The American Dream of Homeownership: From Cliché to Mission - PDF

The American Dream of Homeownership: From Cliché to Mission Presentation by Angelo R. Mozilo Chairman, President and Chief Executive Officer, Countrywide Financial Corporation & Chairman, Countrywide Home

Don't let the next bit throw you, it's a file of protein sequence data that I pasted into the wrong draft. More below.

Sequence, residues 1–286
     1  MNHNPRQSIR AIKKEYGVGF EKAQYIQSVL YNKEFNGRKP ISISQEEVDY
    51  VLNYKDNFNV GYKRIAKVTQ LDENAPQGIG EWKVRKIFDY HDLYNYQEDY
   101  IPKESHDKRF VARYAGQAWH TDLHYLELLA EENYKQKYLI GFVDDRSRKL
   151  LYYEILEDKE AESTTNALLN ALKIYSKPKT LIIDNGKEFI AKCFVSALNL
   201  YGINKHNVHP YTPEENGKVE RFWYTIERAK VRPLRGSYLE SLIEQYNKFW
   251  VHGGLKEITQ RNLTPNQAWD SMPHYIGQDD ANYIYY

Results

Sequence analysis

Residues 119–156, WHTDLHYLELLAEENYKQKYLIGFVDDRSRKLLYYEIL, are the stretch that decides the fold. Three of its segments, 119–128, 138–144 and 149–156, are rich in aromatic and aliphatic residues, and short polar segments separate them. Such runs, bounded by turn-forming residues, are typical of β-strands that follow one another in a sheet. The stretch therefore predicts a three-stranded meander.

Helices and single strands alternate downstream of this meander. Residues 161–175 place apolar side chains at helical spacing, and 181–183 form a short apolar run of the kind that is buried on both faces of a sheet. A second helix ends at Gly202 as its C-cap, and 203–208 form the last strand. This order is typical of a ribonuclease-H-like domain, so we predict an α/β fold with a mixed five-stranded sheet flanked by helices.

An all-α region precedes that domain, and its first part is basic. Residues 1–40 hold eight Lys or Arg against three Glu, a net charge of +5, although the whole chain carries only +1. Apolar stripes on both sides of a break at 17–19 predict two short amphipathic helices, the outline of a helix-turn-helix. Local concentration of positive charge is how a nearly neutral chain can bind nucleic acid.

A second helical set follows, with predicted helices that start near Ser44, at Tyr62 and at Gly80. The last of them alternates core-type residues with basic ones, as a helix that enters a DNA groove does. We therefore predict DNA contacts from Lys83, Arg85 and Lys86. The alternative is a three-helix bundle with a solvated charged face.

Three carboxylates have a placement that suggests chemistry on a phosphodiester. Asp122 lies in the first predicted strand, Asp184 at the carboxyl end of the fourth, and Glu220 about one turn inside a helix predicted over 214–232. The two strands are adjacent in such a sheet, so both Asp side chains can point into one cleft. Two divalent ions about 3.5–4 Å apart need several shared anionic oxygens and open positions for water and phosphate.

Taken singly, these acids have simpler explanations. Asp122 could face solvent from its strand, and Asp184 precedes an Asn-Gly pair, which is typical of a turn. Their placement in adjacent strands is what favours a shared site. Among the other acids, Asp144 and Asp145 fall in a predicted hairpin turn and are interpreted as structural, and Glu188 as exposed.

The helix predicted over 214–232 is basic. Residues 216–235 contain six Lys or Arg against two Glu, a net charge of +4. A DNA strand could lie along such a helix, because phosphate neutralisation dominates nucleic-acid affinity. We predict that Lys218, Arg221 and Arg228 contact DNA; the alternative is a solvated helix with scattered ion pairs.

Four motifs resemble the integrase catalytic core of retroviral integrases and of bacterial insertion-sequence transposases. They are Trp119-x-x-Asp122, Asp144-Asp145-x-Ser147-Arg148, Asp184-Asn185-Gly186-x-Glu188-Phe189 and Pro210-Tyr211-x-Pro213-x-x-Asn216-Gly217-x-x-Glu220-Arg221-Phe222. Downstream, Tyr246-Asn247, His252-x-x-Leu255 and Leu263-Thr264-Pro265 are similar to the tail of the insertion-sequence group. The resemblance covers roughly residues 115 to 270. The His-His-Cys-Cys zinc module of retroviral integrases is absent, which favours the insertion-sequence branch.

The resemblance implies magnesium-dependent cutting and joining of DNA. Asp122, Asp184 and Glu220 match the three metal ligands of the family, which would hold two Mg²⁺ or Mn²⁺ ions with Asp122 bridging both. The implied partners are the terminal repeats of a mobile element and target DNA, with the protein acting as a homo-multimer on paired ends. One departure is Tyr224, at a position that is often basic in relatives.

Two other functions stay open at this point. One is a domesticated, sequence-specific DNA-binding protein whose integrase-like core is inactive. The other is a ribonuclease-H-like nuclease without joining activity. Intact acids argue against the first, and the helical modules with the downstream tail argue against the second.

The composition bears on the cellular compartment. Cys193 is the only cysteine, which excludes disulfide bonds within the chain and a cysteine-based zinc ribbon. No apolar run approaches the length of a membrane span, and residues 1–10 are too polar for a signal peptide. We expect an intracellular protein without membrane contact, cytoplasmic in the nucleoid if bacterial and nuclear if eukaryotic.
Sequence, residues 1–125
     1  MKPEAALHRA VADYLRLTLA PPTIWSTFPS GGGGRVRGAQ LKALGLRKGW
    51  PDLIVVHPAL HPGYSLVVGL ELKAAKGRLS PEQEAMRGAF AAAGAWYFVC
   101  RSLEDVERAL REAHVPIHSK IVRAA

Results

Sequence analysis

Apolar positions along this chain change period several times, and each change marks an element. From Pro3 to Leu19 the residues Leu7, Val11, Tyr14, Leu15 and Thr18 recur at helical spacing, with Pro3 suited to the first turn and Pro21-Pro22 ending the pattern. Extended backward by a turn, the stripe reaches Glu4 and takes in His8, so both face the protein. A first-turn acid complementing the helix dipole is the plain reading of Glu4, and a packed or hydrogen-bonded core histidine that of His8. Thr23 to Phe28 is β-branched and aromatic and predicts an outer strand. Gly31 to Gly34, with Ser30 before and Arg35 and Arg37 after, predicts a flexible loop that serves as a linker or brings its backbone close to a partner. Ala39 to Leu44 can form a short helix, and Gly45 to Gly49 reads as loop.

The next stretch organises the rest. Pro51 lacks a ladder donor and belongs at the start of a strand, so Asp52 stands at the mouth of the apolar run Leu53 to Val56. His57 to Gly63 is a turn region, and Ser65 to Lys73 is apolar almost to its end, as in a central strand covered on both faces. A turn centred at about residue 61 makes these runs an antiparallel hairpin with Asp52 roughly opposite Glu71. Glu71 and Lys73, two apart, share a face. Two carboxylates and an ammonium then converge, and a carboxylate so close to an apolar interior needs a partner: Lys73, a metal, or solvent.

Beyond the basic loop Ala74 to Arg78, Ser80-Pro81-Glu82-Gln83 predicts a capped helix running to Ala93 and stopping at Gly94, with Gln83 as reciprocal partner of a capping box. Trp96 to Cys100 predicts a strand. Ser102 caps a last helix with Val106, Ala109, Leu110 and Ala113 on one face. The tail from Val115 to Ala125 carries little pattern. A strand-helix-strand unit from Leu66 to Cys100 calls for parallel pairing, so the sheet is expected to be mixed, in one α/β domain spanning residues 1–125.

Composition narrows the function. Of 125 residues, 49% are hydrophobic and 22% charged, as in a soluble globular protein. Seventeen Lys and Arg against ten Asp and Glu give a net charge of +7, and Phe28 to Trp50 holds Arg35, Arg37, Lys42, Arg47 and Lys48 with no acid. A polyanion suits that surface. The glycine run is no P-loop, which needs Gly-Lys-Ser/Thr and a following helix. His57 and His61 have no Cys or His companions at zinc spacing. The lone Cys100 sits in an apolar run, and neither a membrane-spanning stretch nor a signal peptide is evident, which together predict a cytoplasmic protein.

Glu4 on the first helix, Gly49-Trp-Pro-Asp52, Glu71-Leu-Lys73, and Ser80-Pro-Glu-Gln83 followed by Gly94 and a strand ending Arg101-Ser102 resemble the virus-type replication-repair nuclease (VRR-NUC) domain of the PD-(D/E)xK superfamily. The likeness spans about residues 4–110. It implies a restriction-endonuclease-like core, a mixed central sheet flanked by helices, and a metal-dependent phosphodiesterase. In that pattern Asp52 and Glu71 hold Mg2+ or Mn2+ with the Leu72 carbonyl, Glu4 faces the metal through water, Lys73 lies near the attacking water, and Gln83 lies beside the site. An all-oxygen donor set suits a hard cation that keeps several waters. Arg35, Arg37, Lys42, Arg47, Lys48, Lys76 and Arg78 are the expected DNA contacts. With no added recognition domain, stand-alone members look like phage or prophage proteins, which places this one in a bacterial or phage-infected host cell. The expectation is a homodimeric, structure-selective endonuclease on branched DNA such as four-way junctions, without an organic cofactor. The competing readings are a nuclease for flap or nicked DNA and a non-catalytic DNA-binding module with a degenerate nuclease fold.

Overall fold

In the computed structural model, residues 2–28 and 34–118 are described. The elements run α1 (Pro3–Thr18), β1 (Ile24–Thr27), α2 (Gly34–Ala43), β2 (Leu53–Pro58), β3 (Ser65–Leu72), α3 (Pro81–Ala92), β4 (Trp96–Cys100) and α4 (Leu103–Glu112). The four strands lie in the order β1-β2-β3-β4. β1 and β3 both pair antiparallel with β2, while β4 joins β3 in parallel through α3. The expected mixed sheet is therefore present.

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The American Dream of Homeownership: From Cliché to Mission Presentation by Angelo R. Mozilo Chairman, President and Chief Executive Officer, Countrywide Financial Corporation & Chairman, Countrywide Home Loans, Inc. The Joint Center for Housing Studies of Harvard University John T. Dunlop Lecture Sponsored by The National Housing Endowment Washington, DC February 4, 2003 National Housing Endowment The leadership of the National Association of Home Builders (NAHB) created the National Housing Endowment to provide long-term, reliable funding for areas targeted as critical to: Promote a healthy and prosperous housing industry; Safeguard the future of safe, decent and affordable housing; Elevate housing to a lasting national priority in the minds of the American public and at the core of government policy. The National Housing Endowment uses interest earnings on the endowment fund to make grants for projects that strengthen our ability to meet America s housing needs. Joint Center for Housing Studies The Joint Center for Housing Studies analyzes the ways in which housing policy and practices are shaped by economic and demographic trends, and provides leaders in government, business and the non-profit sector with the knowledge and tools to formulate effective policies and strategies. The Center produces the annual State of the Nation s Housing report, and is a collaborative unit affiliated with the Harvard Graduate School of Design and the Kennedy School of Government. The Joint Center for Housing Studies is grateful to the National Housing Endowment for its continued support of the John T. Dunlop Lecture. Each year the Dunlop Lecture presents an address by a housing leader to highlight the importance of housing as a policy and research area at the university and in business. The annual lecture honors the work of Professor John T. Dunlop, Lamont University Professor, Emeritus of Harvard University. John T. Dunlop John T. Dunlop is the Lamont University Professor Emeritus, Harvard University. He was Chairman of the Economics department and Dean of the Faculty of Arts and Sciences. Professor Dunlop was United States Secretary of Labor during the Ford administration. He has had a lifetime career in mediation, arbitration and dispute resolution. A commitment to the nation s construction industries and housing has also marked his work. He was chairman of the Construction Industry Stabilization Committee, He played a role in the establishment of the National Institute for Building Sciences. The National Association of Home Builders made him a member of the National Housing Hall of Fame in He also serves on the board of the National Housing Endowment. In 1971, Professor Dunlop played a key role in establishing the Policy Advisory Board of the Joint Center for Housing Studies. Angelo R. Mozilo Chairman, President and Chief Executive Officer, Countrywide Financial Corporation Chairman, Countrywide Home Loans, Inc. Angelo R. Mozilo, who co-founded Countrywide Financial Corporation (NYSE: CFC) in 1969, is Chairman, President and Chief Executive Officer. He also serves as Chairman of Countrywide Home Loans, Inc., the Company s main subsidiary. Countrywide, a global leader in residential finance and related services and a member of the S&P 500, Forbes 500 and Barrons 500 maintains more than 520 offices across the country, with a work force of more than 29,000 employees. Mozilo is active in all aspects of Countrywide s businesses. While he reviews all financial and operational activities, his central focus is on overall business growth and strategic direction. Mozilo was the President of the Mortgage Bankers Association of America (MBA), which represents approximately 3,000 member firms involved in every aspect of mortgage and real estate finance. He continues to serve on the MBA Board of Directors. Mozilo is a member of the Board of Trustees for the National Housing Endowment and is on the board of the Joint Center for Housing Studies of Harvard University. continued on next page continued from previous page Other activities include serving as a member of the Boards of Trustees at Fordham University in New York City, Gonzaga University in Spokane, Washington, and St. Francis High School in La Cañada, California. These are some of the awards received by Mozilo: The American Dream of Homeownership: From Cliché to Mission National Association of Home Builders Hall of Fame. Boy Scouts of America, James E. West Fellowship Award. Ellis Island Medal of Honor, which is held by all living U.S. Presidents. Albert Schweitzer Award for his work with the youth of America. Special Achievement Award for Humanitarian Service from the National Italian American Foundation. Jane Wyman Humanitarian Service Award from the Arthritis Foundation. Mozilo received a bachelor of science degree from Fordham University in 1960 and holds an honorary doctor of laws degree from Pepperdine University. 2 3 T hank you, Nic, for that introduction. I want to first thank Nic Retsinas, the Joint Center for Housing Studies, the National Housing Endowment, and the Honorable John Dunlop for the opportunity to address you this evening. But the one thing that hasn t changed is what George Washington spoke of during that inauguration it was what he called the experiment entrusted to the hands of the American people. It is an incredible honor to be with you today both on a personal level and on a professional one. It s a personal honor because over 34 years ago my partner and I founded Countrywide with the objective to lower the barriers and open the doors to homeownership. We wanted to make the American Dream of Homeownership something tangible something to which people could do much more than just aspire. We wanted We wanted to make the to make it something they could access, afford and American Dream of achieve. We wanted to prove that our company Homeownership something could and would succeed by offering home loans tangible something to to hard-working families of all races and of all which people could do much more than just aspire. We ethnic backgrounds. wanted to make it something In other words, it has always been our intention to they could access, afford be more than a corporation that makes mortgage and achieve. loans; we wanted to be a force in making positive differences in people s lives. Our goal was and still is to demonstrate that there is a unique role for the private sector in public service. That goal is, in essence, the John Dunlop example. And for that reason, being asked to deliver this lecture tonight is a great source of personal pride. As I mentioned, it s a profound professional honor to be here in Washington, as well. Let me relate why this is such a professional honor by recounting for you some history that took place on this very day. On February 4 th, 1789, all 69 presidential electors, who were able to cast their votes, unanimously elected George Washington to be the first President of the United States. Things were a little different then. After Washington was notified, he actually had to leave this area and his home in nearby Mount Vernon so he could be inaugurated in what was then the capital, New York City. Back then, an inauguration speech was a muted affair, a quiet speech delivered solely to the Congress. He knew that the American experiment and our young Nation would face many great challenges. And he knew that those challenges would be met and could only be met not by executive power or one individual s actions, but by the collective hands of all the American people. In other words, the key to our success be it the year 1789 or 2003 is, has been, and always will be partnership. Nowhere is that more true or that partnership more vital than when it comes to providing more families with the opportunity to realize their American Dream by becoming homeowners. That s why it is such an honor for me to be here and to be surrounded by so many talented people and partners dedicated to housing and to the housing finance industry. Our partnership has done nothing less than help countless families own homes, develop personal wealth, create strong communities, and build their futures. Whether you represent government agencies or GSEs, non-profits, faith-based groups or industry associations, communities or even Countrywide competitors, we together have secured the future for many families in this great Country. For the people in this room, the American Dream of Homeownership is not cliché. It s our cause. It s our mission. The past few years have been remarkable ones for our industry. Lower interest rates, the push for greater diversity in homeownership, and massive immigration into the U.S. have created both challenges and opportunities. However, despite the fact that approximately $2.5 trillion in mortgage loans were made in 2002, the gap between low income and minority homeownership, and what is classified as white homeownership, remains intolerably too wide. Therefore, expanding the American Dream of Homeownership must continue to be our mission, not solely for the purpose of benefiting corporate America, but more importantly, to make our Country a better place. Let there be no doubt, the experiment entrusted to the hands of the American people has come a long way not just since George Washington s time, but also since Franklin Roosevelt s. He, with help from Congress, established the Federal Housing Administration in 1934, providing federally backed insurance for long-term amortized mortgages. 4 5 Our Nation took another important step in 1938 in fact, 65 years ago this week when Fannie Mae was created to buy those FHA loans, and as a result, the secondary mortgage market was born. We took a few more giant steps in the 1940s with the G.I. Bill in 1944 and the Housing Act of 1949, which stated the goal of a decent home and a suitable living environment for every American family. We witnessed the Fair Housing Act in the 60s, the creation of Freddie Mac in 1970, the expansion of Fannie Mae s activities, the Community Reinvestment Act in the 70s, the introduction of adjustable-rate mortgages in the 80s, and more recently, the National Affordable Housing Act of It started with the New Deal, and now, we re in a new century. But through it all, one thing has remained, more or less, constant. This constant is our challenge. And this challenge is to increase the access to affordable housing. And in order to do this, we must close the homeownership gap that still exists. Mortgage Debt Outstanding Has Grown Continuously, Increasing Over 300 Times 1945 s Debt We have traveled so far thanks to a mortgage-finance system that remains the envy of the world; thanks to a constant stream of creative and innovative mortgage products, and efforts directed at encouraging the offering of loans to those who have been previously shut out; and simply put, thanks to housing being an enduring public policy objective and the lasting commitment to that objective symbolized by our partnership. We have transformed from a Nation of renters to a Nation of homeowners. The overall U.S. homeownership rate, which was at 44 percent in 1940, hit 68 percent by the end of the third quarter of Historically low interest rates along with new, creative and flexible underwriting techniques are continuing to fuel a record period of growth for our industry. According to the Federal Reserve, the amount of overall mortgage debt outstanding is nearly $6 trillion. And, increasingly, the sub-prime Transforming from a Nation of Renters to a Nation of Homeowners market is boosting that number and the industry as a whole. During the first nine months of 2002, sub-prime originations rose an estimated 26 percent over the same period in 2001 outpacing the overall market. Source: Federal Reserve Sub-Prime Mortgage Originations Growing Faster than the Overall Market + 13% + 26% All told, according to the Joint Center s The State of the Nation s Housing report, the housing sector saw the sale of 6.2 million new and existing homes in And this past year was substantially more productive. Source: Economic Benefits of Increasing Minority Homeownership by HUD 10/2002; U.S. Census Bureau Source: Inside Mortgage Finance Source: Inside Mortgage Finance 6 7 As President Bush said last October: THE HOMEOWNERSHIP GAP WHY IT EXISTS 8 Two thirds of all Americans own their homes, yet we have a problem here in America because fewer than half of the Hispanics and half of the African Americans own their home. That s a homeownership gap. It s a gap that we ve got to work together to close for the good of our Country, for the sake of a more hopeful future. We ve got to work to knock down the barriers... While the number of minority homeowners has advanced recently, climbing from 9.5 million in 1994 to 13.3 million in 2001 an increase of 40 percent the fact remains that it is still not at a level equal to that of white homeownership. And as President Bush pointed out, the homeownership rate for African Americans is 47 percent and for Hispanic Americans it is 48 percent, a stark contrast to the homeownership rate of 75 percent for white American households. That means there is currently a homeownership gap of over 25 points when comparing white households with African Americans and Hispanics. My friends, that gap is obviously far too wide. It has been far too wide for far too long. And when adding new factors into the equation like an influx of new immigrants or continued reduction in the supply of affordable housing it has the potential to become far worse. So tonight, I want to discuss why that gap persists and how Countrywide is trying to address it. Then, I d like to concentrate on three specific structural obstacles that we must resolve together for the well-being of our industry and for the welfare of our Country. Specifically, those structural obstacles are: Minority Homeownership Has Increased + 40% Source: Economic Benefits of Increasing Minority Homeownership by HUD 10/2002 The Underwriting Process Predatory Mania, and A Lack of Proper Perspective. If we don t get a better handle on these issues, as I will discuss, I would argue that the homeownership gap will not only remain, but there is a good chance it will widen and the homeownership rates among low income and minority borrowers will continue to be depressed. Thus we run the risk of harming the very people we want to help. And finally, I will offer several reasons why I think it is vitally important that we address these issues with a sense of urgency. Let s begin with looking at why the homeownership gap persists. There are many reasons for the gap. Many are obvious and well-known. Others are more subtle and, therefore, more difficult to attack. But, ultimately, I believe the homeownership gap is a by-product of the following: the Money Gap or Wealth Gap, the Education Gap, and the Housing Gap. Homeownership Rates by Race/Ethnicity Source: U.S. Census Bureau The Money Gap is the obvious barrier created by the fact that there are those who have capital and access to credit, and those who don t. On the capital side, the down payment and closing costs remain, perhaps, the greatest barriers to homeownership. And simply put, but not surprising, minority and low-income families often lack the accumulated wealth and/or income to make these down payments and cover other closing fees. There is a cyclical and often unfair nature to the capital issue because homeownership is, as it has so often been proven, a vehicle for accumulating wealth. And that wealth is often used to help the next generation become homeowners. In other words, the children of parents who are not homeowners predominantly low-income and minorities begin the quest for homeownership several steps behind the children of homeowners. 9 10 When it comes to credit, there is a double-edge, as well. On one side is the fact that lenders are difficult to access because mainstream and reputable financial institutions are not always conveniently located near potential low-income and minority homebuyers. On the other side is the fact that many potential low-income and minority homeowners have questionable credit histories at least as measured by the standard underwriting models available today or no measurable credit history at all. Thus, even if they can access a lender, that lender can t or won t help. One of the more obvious resolutions to the Money Gap is the elimination of down payment requirements for low income and minority borrowers. A report done for the Local Initiatives Support Corporation, otherwise known as LISC, found that over 40 percent of African American renters whose income was under $40,000 did not have banking relationships of any kind. If these families want to become homeowners, they are often rejected by traditional lenders in the loan process; and if that is the case, they frequently become easy prey for predatory and unscrupulous lenders. One of the more obvious resolutions to the Money Gap is the elimination of down payment requirements for low-income and minority borrowers. Current down payment requirements of 10 percent or less add absolutely no value to the quality of the loan. It is the willingness and the ability of a borrower to make monthly payments that are the determinants of loan quality. Over the past 50 years, I have personally interviewed thousands of potential homebuyers and in the vast majority of cases, the barrier standing in between them and the house of their dreams was the down payment. That barrier must be eliminated by offering customized programs to those borrowers who cannot meet the current down payment requirements. That brings me to the second issue that contributes to the overall homeownership gap namely, the Education Gap. There is a truth in our industry that determining who gets a mortgage and at what interest rate is often more an art than it is a science. Put another way understanding the home-buying process can be complicated and confusing, especially for lowincome and minority families. Not only are there dozens of documents to review and sign, but there are income ratios and a variety of loan options that a borrower must wade through. In addition, borrowers are faced with the complexity of understanding credit scores, commonly known as FICO, and the issue of how to improve these scores and ensure that the data contained by the credit repositories is accurate. We must make the process not just easier, but easier to comprehend. We must get information to potential homeowners in a manner and language that they can understand. We must educate the low-income and minority sector about their rights and the responsibilities of homeownership. Equally important, we must reduce the documentation required to make any and all loans; we should be able to approve loans in minutes, rather than days, and close loans in days, rather than weeks. Furthermore, we should streamline the title insurance process and we should replace the public recording of documents with book entry as is done with stocks and bonds. This will substantially reduce costs and improve affordability. If we fail to seek paradigms to simplify the process, accelerate the timing and reduce the cost of obtaining a mortgage, we will be left with two scenarios. One is that potential buyers will be too intimidated by the very process of buying a home to even attempt to move forward. The other is that for those who do have the fortitude to proceed, they can easily fall prey to the slick marketing schemes of predatory lenders promising an effortless process. All of the technology is in place today to both simplify and accelerate the process and the only issue standing in the way of change, unfortunately, is the fear of change. The final gap I d like to talk about is what I will call the Housing Gap. What I mean by the Housing Gap is that there is just not enough affordable and decent housing. Part of th